- Susan Ervin During the summer of 1976 we conducted an experi­ ment comparing the productivity of mulched and un­ mulched lettuce. In one trial, we found that the yields of unmulched plots were significantly h igher than the yields of plots mulched either with seaweed or with azolla, a small nitrogen-fixing aquatic fern. In the se­ cond trial, azolla-mulched plots had h igher yields. As mulching is an accepted gardening technique generally believed to be beneficial and as seaweed is a favored mulch , we had expected the seaweed-mulched plots to have the h ighest yields. Because of the confusing and inconsistent results, we conducted further experi­ ments during the summer of 1977 in an attempt to increase our understanding of mulch/water/crop inter­ actions. The crops tested were tomatoes, sweet pep­ pers, Swiss chard, lettuce and beets. The applica­ tions were a mulch of one-year - old leaf mold and a mulch of "seaweed" (primarily eel grass) . T o establish a control, some plants received n o mulch . Two plots were divided into a total of twelve 1 2 ' by 1 5 ' sections. Half of the sections received supplemental watering; half did not. The same number of plants of each crop was planted in each section. (Table I.) Harvesting was spaced to insure that food would not be wasted. Planting and harvesting proceeded as follows:
Unwatered a tered W atered W Unwatered

c

F

c

F

No Mulch

Leaf Mulch

No Mulch

Leaf Mulch

B

E

B

E

Seaweed Mulch

No Mulch

Seaweed Mulch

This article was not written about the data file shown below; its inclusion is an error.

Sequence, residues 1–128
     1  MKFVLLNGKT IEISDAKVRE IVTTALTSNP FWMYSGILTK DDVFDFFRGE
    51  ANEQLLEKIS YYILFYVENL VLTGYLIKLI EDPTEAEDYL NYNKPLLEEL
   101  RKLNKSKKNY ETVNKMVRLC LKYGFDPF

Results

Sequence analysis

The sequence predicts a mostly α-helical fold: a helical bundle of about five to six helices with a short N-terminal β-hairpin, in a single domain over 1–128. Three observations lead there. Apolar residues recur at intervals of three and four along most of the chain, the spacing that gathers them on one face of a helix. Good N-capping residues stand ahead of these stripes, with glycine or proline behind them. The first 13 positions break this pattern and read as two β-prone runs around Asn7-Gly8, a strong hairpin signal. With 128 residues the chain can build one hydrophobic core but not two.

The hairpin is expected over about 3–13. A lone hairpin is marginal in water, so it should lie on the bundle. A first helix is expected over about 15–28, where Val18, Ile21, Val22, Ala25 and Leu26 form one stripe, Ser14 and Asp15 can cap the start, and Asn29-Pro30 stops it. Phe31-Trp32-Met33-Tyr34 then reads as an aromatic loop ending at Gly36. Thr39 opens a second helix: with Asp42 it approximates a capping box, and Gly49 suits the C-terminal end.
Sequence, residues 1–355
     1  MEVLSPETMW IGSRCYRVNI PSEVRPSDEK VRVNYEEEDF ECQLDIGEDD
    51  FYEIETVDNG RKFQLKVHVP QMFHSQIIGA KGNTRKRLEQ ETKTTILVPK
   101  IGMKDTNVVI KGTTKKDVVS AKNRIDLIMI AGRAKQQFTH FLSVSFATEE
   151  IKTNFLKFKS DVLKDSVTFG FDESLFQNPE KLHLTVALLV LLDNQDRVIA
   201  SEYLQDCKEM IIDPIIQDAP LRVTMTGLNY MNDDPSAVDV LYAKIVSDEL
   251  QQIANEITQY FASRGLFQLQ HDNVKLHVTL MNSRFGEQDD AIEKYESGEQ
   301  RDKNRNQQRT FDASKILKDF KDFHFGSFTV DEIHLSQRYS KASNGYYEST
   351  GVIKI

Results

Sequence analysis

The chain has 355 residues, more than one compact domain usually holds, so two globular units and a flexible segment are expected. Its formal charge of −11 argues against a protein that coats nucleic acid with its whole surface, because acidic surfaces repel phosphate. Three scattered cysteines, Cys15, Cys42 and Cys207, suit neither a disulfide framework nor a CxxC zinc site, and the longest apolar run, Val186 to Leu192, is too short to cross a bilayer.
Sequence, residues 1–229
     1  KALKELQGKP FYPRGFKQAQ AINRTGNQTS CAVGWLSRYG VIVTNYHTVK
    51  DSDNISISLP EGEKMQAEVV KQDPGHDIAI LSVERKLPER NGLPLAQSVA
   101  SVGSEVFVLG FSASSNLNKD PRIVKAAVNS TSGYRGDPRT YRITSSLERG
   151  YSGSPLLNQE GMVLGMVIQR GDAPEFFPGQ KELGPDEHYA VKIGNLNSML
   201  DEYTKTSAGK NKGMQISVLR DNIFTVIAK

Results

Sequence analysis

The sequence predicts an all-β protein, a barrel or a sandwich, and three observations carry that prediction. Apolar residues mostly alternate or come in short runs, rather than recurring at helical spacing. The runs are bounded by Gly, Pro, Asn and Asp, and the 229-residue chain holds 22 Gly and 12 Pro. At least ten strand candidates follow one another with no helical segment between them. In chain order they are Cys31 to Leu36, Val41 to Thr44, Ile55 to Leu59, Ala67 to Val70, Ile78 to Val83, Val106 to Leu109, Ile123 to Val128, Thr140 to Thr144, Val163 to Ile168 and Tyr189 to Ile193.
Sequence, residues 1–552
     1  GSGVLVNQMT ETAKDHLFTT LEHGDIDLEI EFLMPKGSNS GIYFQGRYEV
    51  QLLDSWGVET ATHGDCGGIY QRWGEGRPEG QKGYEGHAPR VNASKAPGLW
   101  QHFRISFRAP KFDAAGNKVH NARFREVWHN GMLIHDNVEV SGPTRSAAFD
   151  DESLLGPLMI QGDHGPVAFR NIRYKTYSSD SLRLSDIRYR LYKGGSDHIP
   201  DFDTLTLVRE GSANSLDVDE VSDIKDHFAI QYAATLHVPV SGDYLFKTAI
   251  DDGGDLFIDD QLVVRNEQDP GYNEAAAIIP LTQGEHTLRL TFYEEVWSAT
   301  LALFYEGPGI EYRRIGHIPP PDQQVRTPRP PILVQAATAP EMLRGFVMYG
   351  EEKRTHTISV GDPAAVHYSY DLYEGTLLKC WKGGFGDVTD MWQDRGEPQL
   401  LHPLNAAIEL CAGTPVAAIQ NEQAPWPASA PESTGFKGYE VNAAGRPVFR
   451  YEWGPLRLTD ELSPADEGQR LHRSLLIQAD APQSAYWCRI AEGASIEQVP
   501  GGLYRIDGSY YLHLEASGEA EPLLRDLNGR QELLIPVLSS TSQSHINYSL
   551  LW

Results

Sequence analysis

No Mulch

A

D

A

D

_ Leaf Mulch

Seaweed Mulch

Leaf Mulch

Seaweed Mulch

Plot

I
able 1 - PL OT LAYO UT T

Plot II

Page 5 6

The journal of the New Alchemists

Tomatoes (Rutgers) --:- Five plants per section were set out on May 24. Fruits were harvested when they were fully ripe through October 5, when all remaining fruits were harvested, because of the danger of killing frost. Peppers (California Wonder) - Five plants per sec­ tion were set out May 2 6 . The harvesting was the same as that of tomatoes. Lettuce ( Ruby) - Trial I. Twenty plants per section were set out on May 1 6 . Five plants per section were harvested J uly 2, five J uly 3 and the remaining ten, July 5 . Trial II. Twenty-five plants per section were set out on J uly 1 2 . Five plants per section were harvested August 2 2 , ten August 3 0 , five August 3 1 , and the remainder September 5 . In both trials, plants which appeared largest were harvested first, leaving smaller plants to grow. Beets ( Early Wonder) - Seeded directly in soil on May 1 8 . They were reseeded on J une 8 because of p oor germination and later thinned , leaving twenty plants per section. Five plants per section were harvested August 2, five August 16, and the remainder August 3 0. Plants appearing to be l argest were taken first, l eaving smaller ones to grow.